It Doesn't Ruin Everything
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How Being a Nanny Made Me a Happy Mother
by leslie kendall dye.
Yesterday, I took my toddler to a playground in Central Park. Spring had arrived late and the array of brilliant tulips and daffodils blinded us. I tried to make myself comfortable on the splintery ledge of the sandbox. Tulips or no, the playground is one of my least favorite places in the world. That is because for ten years, it was my office.
I worked as a part-time nanny in Manhattan for a decade. I am an actress and it made for a good side job. I stopped working after my first trimester, felled by relentless morning sickness and early contractions. Caring for children, as any nanny knows, is a full-body sport, requiring both high-alert readiness and Zen-like patience. I was unfit for duty by 13 weeks of gestation.
I spotted a playmate of my daughter’s with her nanny, whom I’d never met. I greeted her, identifying myself as a friend of the girl’s mother. The nanny nodded politely but stiffly. Then I used my secret pass code: I added, “I was a nanny for ten years!” I watched her face brighten and a wave of relaxation pass through her body. The brick wall between us tumbled down. Once we started chatting, she asked me the question. Every young nanny asks me the question.
“Does it ruin being a mother?” she asked. “I’m not sure I’ll want to be one after all these years of childcare.”
We were speaking the same language. This was something I couldn’t talk about with the other mothers. From the time our babies were newborns, none of the other mothers could believe how hard it was. I didn’t relate.
There was plenty that was new to me, like nursing or not being paid at the end of the day, or that there was no end to the day. But in general, nanny skills are parenting skills. We learn to stay physically and emotionally attentive while finding a mental escape hatch during, say, a tea party more tedious than any grown-up can bear. We learn to be strong: heaving tired bodies in and out of strollers, bending to clean up spills with a child balanced on our hip, diaper-changing athletic squirmy toddlers. We let go of notions of achieving other tasks in a day. Dishes, laundry… we know that it will all be cared for at nap time (unless we need a nap ourselves, in which case these chores will have to wait). We know how to really enjoy a few minutes of quiet when the baby falls asleep.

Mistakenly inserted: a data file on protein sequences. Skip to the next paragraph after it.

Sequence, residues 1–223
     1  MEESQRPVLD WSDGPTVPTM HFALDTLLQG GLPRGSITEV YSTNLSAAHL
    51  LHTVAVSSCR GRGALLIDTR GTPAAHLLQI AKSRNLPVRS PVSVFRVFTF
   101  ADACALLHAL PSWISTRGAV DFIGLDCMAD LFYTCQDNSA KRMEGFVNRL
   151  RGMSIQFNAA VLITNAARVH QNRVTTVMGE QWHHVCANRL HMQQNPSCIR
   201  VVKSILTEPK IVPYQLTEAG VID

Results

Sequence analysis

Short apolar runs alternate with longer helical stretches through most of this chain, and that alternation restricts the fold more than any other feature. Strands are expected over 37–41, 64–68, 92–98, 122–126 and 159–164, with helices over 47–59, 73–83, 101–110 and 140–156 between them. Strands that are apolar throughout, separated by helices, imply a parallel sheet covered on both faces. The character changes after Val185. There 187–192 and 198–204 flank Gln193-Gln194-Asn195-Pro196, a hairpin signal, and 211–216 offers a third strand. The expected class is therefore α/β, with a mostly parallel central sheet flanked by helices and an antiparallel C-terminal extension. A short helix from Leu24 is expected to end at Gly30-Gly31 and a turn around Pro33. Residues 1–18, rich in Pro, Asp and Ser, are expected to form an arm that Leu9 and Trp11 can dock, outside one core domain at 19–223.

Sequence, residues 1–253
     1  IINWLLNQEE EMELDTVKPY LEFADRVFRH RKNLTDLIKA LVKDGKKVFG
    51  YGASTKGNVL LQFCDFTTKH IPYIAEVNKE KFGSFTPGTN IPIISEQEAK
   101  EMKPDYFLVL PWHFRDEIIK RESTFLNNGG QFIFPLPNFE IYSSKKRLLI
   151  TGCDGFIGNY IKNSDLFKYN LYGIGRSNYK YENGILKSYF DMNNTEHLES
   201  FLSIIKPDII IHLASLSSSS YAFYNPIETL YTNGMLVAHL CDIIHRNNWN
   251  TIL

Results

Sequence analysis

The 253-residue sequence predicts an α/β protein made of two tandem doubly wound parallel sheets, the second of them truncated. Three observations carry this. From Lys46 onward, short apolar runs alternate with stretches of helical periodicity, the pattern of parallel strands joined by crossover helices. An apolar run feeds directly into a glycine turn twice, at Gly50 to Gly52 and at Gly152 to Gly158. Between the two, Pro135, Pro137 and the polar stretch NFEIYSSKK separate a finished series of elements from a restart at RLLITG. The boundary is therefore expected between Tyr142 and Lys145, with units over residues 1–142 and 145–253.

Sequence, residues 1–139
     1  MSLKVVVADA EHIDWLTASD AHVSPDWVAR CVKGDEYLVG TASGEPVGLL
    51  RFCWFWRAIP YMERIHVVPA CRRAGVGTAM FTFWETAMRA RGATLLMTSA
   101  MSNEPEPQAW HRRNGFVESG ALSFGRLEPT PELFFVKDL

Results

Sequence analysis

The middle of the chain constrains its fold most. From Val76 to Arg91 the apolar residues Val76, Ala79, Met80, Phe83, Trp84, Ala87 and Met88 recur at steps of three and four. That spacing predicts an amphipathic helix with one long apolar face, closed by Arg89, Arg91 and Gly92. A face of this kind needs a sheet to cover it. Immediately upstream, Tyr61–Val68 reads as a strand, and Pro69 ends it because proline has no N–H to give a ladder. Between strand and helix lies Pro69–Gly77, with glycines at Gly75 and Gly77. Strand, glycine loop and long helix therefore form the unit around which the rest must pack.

I had spent so many nights stroking a child who was homesick for her parents, promising to stay by her bedside until their taxi brought them home, telling her stories to make the time go by. I had wrapped so many children in towels after bath time, combed so many curls, read so many stories, hunted for so many teddy bears lost in couch cushions. It was in my muscle memory to cradle my own child and assuage her anxiety from the moment she was born. The immediate engulfing love I felt for seven pounds of wet baby delivered into my arms one perfect autumn day: I was not prepared for that. I was prepared with the stamina to deliver on my promise to be there for her, to match that ferocious love.
I have made more friends of nannies since becoming a mother than I have of other mothers. I like them more, for the most part. I can’t relate to someone who is shocked that one hour can feel like ten with a child. And to hear a mother complain about the cost of a nanny! After all their expressions of exhaustion, how can parents not know how hard a job their nannies have?
“No. It doesn’t ruin it at all,” I told this young nanny in the sandbox. “It makes it better. You have the stamina that your friends won’t. You know what to expect. You will not be surprised by your day being dictated by the ups and downs of a child’s moods. Then there’s the stuff you won’t be prepared for, and that stuff is even better. Nothing is more heavenly than curling up with your own baby after nursing her to sleep.
Compared to the uninitiated, she had nothing to fear, and so much to look forward to.